The only idea that comes to my mind would be to not directly secure the data with a mutex but rather use a related Semaphore to secure data access, but this feels a bit of an unnecessary "indirection".

Thx in advance for your time.

Rust and LLVM assume they see all modifications of Rust's types (all except UnsafeCell), and can make code behave as if nothing has been modified if the optimizer doesn't see any code that could be doing the modifications. It's especially dangerous for data behind a shared-immutable borrow. Any modifications to &[u8] are immediately Undefined Behavior. And modifications to &mut [u8] by another thread/another device break Rust exclusivity and mutable aliasing rules, so that's UB too.

So you probably can't use a regular Rust type for this at all. You'd need something like *mut u8 for the buffer and https://doc.rust-lang.org/stable/std/ptr/fn.read_volatile.html or [UnsafeCell<u8>].

1 Like

Hi thanks for the additional reference.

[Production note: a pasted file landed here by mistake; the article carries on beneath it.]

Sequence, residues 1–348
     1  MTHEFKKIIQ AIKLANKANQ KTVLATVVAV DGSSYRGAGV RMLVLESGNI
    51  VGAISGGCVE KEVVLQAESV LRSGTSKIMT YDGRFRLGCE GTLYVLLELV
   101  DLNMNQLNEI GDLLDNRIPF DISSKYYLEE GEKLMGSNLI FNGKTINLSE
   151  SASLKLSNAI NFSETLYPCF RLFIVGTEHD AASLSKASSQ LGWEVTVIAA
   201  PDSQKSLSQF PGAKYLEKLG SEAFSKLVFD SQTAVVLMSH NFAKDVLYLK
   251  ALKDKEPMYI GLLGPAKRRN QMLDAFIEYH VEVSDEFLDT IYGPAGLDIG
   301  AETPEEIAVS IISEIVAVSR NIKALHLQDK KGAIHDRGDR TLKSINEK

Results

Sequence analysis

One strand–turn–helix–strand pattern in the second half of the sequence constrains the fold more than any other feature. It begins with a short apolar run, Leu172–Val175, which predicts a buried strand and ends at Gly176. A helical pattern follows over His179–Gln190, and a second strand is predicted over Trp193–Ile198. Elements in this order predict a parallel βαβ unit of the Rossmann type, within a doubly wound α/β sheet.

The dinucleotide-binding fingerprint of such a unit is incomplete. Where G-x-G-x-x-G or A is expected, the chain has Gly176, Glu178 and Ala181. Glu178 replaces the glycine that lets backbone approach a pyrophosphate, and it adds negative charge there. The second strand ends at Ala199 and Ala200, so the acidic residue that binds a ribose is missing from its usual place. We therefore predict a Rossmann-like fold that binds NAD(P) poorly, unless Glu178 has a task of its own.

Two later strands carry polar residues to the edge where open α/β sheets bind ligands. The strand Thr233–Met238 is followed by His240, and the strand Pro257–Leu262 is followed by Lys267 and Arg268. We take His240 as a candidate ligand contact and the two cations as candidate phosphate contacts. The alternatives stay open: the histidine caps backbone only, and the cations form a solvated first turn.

As the detailed data that is represented in memory is also expressed as some sort of structure this would require something like *mut SharedFoo - right ?
To adhere to Rust internal guarantees I need to wrap this raw pointer into an UnsafeCell like UnsafeCell<*mut SharedFoo> ?

If i would use just UnsafeCell<SharedFoo> and SharedFoo does have to have a fixed memory location, would this location preserved within UnsafeCell?

From an highlevel point of view the SharedFoo is currently created like this:

let shared_foo = unsafe { special_malloc(core::mem::size_of::<SharedFoo>, align_4kb) as * mut SharedFoo };

So usage of UnsafeCell would be:

let cell = UnsafeCell::new(shared_foo);

or should it be

let cell = unsafe { UnsafeCell::new(&mut *shared_foo) };

???
It has to be ensured the memory address the shared_foo data is located at does not change by this.

Unfortunately Rust does not have the concept of volatile memory, which is probably the best way to describe the memory region shared between CPU and GPU threads. Instead Rust has read_volatile() and write_volatile() operations. These are the only operations that are safe to use on the shared memory region, as they inform rustc that it does not have knowledge of read and write accesses by other entities (i.e. the GPU) that have access to the same items. As you should expect, use of these volatile access operations suppresses all optimizations relative to data in such memory areas.

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You might find some valuable tips in the embedded book.

This sounds like a memory-mapped register. You need to use raw pointers and volatile read/write to access memory-mapped registers.